within the EU’s orbit. But what about the continent’s southeastern
frontiers? The Caucasus mountain range stretching from the Black Sea
to the Caspian Sea would seem to be the natural dividing line between
Europe and the Middle East, but this would bar Georgia, Armenia and
Azerbaijan from future membership.

Asked whether it was time to settle Europe’s frontiers once and for
all, EU Enlargement Commissioner Gunther Verheugen told reporters in
June: “I do not foresee a debate about the borders of Europe. It
makes no sense.”

Given European leaders disastrous attempts at marking down boundaries
in the past, notably at Versailles in 1919 and Yalta in 1945, it is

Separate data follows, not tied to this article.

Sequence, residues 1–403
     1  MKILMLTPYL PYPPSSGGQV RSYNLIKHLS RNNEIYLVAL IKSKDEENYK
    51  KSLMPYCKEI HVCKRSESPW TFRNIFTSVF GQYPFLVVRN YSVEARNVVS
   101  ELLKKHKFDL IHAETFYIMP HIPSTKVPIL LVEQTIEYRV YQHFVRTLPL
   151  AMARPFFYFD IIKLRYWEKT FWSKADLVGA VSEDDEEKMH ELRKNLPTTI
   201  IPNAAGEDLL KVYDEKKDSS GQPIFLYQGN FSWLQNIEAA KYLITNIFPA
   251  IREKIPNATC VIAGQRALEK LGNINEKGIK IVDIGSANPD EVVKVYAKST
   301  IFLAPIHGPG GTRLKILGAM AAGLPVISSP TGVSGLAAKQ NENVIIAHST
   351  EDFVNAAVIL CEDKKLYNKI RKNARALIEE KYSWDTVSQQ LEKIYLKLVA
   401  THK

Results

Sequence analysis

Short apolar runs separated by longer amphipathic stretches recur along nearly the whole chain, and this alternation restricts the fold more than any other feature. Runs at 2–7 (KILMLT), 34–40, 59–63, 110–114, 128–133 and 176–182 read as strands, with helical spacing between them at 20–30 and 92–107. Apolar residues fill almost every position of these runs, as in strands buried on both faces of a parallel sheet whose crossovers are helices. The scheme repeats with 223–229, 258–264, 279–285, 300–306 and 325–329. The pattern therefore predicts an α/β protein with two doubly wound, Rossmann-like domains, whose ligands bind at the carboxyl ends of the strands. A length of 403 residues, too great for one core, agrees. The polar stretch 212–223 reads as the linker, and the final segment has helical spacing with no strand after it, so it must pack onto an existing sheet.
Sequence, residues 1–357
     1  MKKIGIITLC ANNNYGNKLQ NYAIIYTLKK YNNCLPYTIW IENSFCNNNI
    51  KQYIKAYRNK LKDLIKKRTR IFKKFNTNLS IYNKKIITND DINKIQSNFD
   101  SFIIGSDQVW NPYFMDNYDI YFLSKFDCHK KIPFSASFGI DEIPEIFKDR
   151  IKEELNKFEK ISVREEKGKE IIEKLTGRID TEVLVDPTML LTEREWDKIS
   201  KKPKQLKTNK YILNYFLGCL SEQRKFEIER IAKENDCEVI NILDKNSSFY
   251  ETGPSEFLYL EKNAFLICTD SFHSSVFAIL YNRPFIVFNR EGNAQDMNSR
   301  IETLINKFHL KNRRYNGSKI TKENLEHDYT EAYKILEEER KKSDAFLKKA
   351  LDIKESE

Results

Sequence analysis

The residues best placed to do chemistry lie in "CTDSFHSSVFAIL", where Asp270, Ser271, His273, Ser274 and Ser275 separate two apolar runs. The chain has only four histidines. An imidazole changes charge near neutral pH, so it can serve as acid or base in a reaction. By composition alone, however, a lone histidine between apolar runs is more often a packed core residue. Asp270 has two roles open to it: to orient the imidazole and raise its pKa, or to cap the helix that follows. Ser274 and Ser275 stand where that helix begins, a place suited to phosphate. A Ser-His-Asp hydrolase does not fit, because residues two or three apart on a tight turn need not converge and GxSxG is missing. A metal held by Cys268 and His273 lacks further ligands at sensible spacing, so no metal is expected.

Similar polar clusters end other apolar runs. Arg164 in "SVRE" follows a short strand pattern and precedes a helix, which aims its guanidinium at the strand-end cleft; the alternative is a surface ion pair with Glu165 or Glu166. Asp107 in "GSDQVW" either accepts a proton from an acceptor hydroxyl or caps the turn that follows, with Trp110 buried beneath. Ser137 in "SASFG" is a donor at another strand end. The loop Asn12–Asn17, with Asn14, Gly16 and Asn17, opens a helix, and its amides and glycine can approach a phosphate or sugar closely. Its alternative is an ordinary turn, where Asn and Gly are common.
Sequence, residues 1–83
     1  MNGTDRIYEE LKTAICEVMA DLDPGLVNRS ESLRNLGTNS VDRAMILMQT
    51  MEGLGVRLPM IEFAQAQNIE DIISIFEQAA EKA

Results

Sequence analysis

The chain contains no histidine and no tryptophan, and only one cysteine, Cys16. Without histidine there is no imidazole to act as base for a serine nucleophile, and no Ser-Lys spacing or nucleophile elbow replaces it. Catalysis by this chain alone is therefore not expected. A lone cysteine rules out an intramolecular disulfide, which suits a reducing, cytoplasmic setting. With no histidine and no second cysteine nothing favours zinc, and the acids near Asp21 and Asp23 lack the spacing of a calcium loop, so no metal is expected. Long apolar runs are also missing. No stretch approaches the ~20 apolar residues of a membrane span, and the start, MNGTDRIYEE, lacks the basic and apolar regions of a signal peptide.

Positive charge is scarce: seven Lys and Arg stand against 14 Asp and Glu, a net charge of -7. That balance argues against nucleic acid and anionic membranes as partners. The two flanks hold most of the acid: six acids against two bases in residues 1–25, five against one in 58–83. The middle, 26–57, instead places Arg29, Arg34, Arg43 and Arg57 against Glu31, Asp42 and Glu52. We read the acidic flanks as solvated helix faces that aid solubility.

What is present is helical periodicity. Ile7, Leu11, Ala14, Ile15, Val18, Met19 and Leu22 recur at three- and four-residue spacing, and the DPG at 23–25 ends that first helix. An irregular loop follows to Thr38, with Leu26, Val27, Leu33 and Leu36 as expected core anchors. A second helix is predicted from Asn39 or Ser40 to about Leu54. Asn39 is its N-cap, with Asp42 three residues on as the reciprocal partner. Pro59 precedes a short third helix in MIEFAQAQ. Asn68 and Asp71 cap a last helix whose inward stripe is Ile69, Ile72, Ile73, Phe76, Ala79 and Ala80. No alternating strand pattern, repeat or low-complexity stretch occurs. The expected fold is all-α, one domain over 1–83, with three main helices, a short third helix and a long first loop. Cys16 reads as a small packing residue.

easy to see why some politicians are reluctant about setting the EU’s
eastern frontier in stone. But not doing so is only likely to cause
confusion and sow the seeds of frustration among those queuing up for
EU entry.

In an interview with United Press International earlier this year,
Verheugen said: “In theory, all members of the Council of Europe (the
45-nation human rights body stretching from Vigo to Vladivostock) can
join. But practically, the western border of the former Soviet Union
will be the eastern border of the EU for a very long time, with the
exception of the three Baltic states.”

The EU’s “Neighborhood Strategy,” a kind of EU-lite for nations on
the bloc’s eastern and southern confines, may be politically
expedient given the task of absorbing up to 15 new or future members
over the next decade, but it reeks of double standards. Bosnia and
Herzegovina — a hopelessly divided country run almost as a United